I GOT THE ASTRAZENECA this week. Failed to clot up and croak, which will disappoint some readers.
My arm was sore for a couple of days, but I put that down to Bill Gates trying to send me subliminal messages through the microchip they implanted along with the bleach and monkey DNA, or whatever it was I got shot up with.
Good luck with that, Bill: I think bacon is a vegetable, used to smoke, and spent my childhood running through crop-duster malathion, pretending it was rain. If none of that made me grow another head, then I can handle a little squirt of COVID juice.
Not, I should hasten to add, that I should be telling you, Dear Reader, to get a vaccine. What kind of person would take medical advice from a newspaper columnist? Why, that would be almost as crazy as ignoring the provincial health officer and taking your lead from some half-informed mommy blogger instead.
This does raise another question, though: It you have the right to refuse a vaccine, do others not have the right to protect themselves from your decision?
This popped up in relation to a couple of stories last week. First, we read of the Simon Fraser University mathematicians who calculated that if no more than 80 per cent of adults choose to be vaccinated, it’s unlikely B.C. will return to normal this autumn, as that won’t be enough to achieve herd immunity. Their findings suggest that if we want to avoid ongoing pandemic dreariness, we’ll have to inoculate children, too. (On the other hand, there’s nothing to say we won’t top 80 per cent of adults.)
The second story came from the U.S., where the University of California and California State University jointly announced that no unvaccinated students, staff or faculty would be allowed on any of their campuses as of this fall.
The two institutions weren’t the first to require mandatory vaccinations — universities such as Stanford, Rutgers, Brown, Cornell, Northeastern are also going down this path — but with a combined million people spread over 33 campuses, the California heavyweights were the biggest. Most universities with such policies will allow exemptions for medical and religious reasons, but only if those being exempted submit to and pass regular COVID testing.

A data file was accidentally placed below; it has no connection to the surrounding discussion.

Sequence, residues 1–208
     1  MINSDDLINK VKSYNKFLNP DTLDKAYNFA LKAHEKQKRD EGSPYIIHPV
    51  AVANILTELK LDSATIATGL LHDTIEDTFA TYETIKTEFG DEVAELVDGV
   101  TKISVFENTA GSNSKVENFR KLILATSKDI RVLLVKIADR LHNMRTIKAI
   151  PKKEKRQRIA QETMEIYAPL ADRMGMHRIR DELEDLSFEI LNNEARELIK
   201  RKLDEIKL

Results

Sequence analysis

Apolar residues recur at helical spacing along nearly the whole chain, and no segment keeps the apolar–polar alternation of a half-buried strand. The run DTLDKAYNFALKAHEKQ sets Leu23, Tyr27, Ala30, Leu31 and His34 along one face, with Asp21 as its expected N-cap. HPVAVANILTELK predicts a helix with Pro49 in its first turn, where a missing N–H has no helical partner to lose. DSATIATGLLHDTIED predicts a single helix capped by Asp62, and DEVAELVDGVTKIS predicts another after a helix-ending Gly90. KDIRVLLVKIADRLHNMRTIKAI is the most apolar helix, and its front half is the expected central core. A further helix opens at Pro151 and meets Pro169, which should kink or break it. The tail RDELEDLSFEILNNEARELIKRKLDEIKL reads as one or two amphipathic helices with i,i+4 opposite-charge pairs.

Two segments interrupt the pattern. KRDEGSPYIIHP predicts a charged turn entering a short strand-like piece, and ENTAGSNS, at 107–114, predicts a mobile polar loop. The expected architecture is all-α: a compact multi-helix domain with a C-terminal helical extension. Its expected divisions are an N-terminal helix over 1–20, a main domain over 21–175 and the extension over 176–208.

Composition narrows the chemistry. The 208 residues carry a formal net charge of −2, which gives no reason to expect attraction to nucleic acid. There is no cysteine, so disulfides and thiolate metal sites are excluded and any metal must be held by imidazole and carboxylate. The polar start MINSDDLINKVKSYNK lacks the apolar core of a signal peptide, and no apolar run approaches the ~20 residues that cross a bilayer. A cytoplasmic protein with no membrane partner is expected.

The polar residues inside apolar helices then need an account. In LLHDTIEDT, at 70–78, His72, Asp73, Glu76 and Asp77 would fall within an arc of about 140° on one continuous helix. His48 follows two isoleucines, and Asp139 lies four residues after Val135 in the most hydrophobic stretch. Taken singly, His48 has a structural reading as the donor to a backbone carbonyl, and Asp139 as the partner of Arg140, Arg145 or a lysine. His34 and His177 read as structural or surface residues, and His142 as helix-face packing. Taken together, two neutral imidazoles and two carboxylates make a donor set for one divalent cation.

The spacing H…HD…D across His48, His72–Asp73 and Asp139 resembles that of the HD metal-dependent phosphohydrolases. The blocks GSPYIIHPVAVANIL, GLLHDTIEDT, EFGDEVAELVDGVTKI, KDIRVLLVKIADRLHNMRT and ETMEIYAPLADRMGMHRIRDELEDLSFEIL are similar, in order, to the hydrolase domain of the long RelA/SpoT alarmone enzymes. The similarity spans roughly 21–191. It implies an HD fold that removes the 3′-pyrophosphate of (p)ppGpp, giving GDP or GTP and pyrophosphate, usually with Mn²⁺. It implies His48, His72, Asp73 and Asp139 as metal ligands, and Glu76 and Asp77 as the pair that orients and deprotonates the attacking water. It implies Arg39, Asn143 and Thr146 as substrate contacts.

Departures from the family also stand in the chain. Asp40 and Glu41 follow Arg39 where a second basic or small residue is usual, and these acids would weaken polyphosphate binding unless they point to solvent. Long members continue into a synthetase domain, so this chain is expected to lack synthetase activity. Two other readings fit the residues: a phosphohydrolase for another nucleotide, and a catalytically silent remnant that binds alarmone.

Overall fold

Don’t know that we’ll see anything like that up here. Note the update that went out to the Camosun College community Thursday. “The college encourages all students and employees to learn about the benefits and safety of the vaccine and consider vaccination to protect themselves and their community,” it says. But then it continues: “No vaccines are mandatory in Canada. Vaccination status is a person’s sensitive personal medical information.”
Likewise, the University of Victoria has updated its website, too: “The COVID-19 vaccine is not mandatory in order to study, work, visit or live on campus. No vaccines are mandatory in Canada. Public health authorities encourage all British Columbians to learn about the benefits and safety of the vaccine and consider vaccination to protect themselves and others.”
In other words, they’ll lead the horses to water, but won’t make them drink in order to be admitted to the stable.
It’s an interesting moral quandary. The question isn’t whether someone has the right to reject a vaccine, but whether others must accommodate their decisions. It can be argued that employers have not just the right but the obligation to shield their staff and clients from those who could carry the virus into the workplace. The counter-argument, at least when it comes to employees who truly fear vaccines but also desperately need to hang onto their jobs, is that measures that exclude unvaccinated workers from their workplaces — or students from their schools — effectively rob them of their right to refuse a shot.
Me, I’m just happy that we have the luxury of having this argument, as it means there’s a vaccine to fight about, which there wasn’t just a few months ago. And I’m feeling lucky/guilty/relieved that I got mine when I did, ahead of people whose vulnerability to COVID is greater than mine, and whom I want to see safe. It seems silly to be talking about the consequences of refusing a shot when most people are still anxiously awaiting the chance to get one.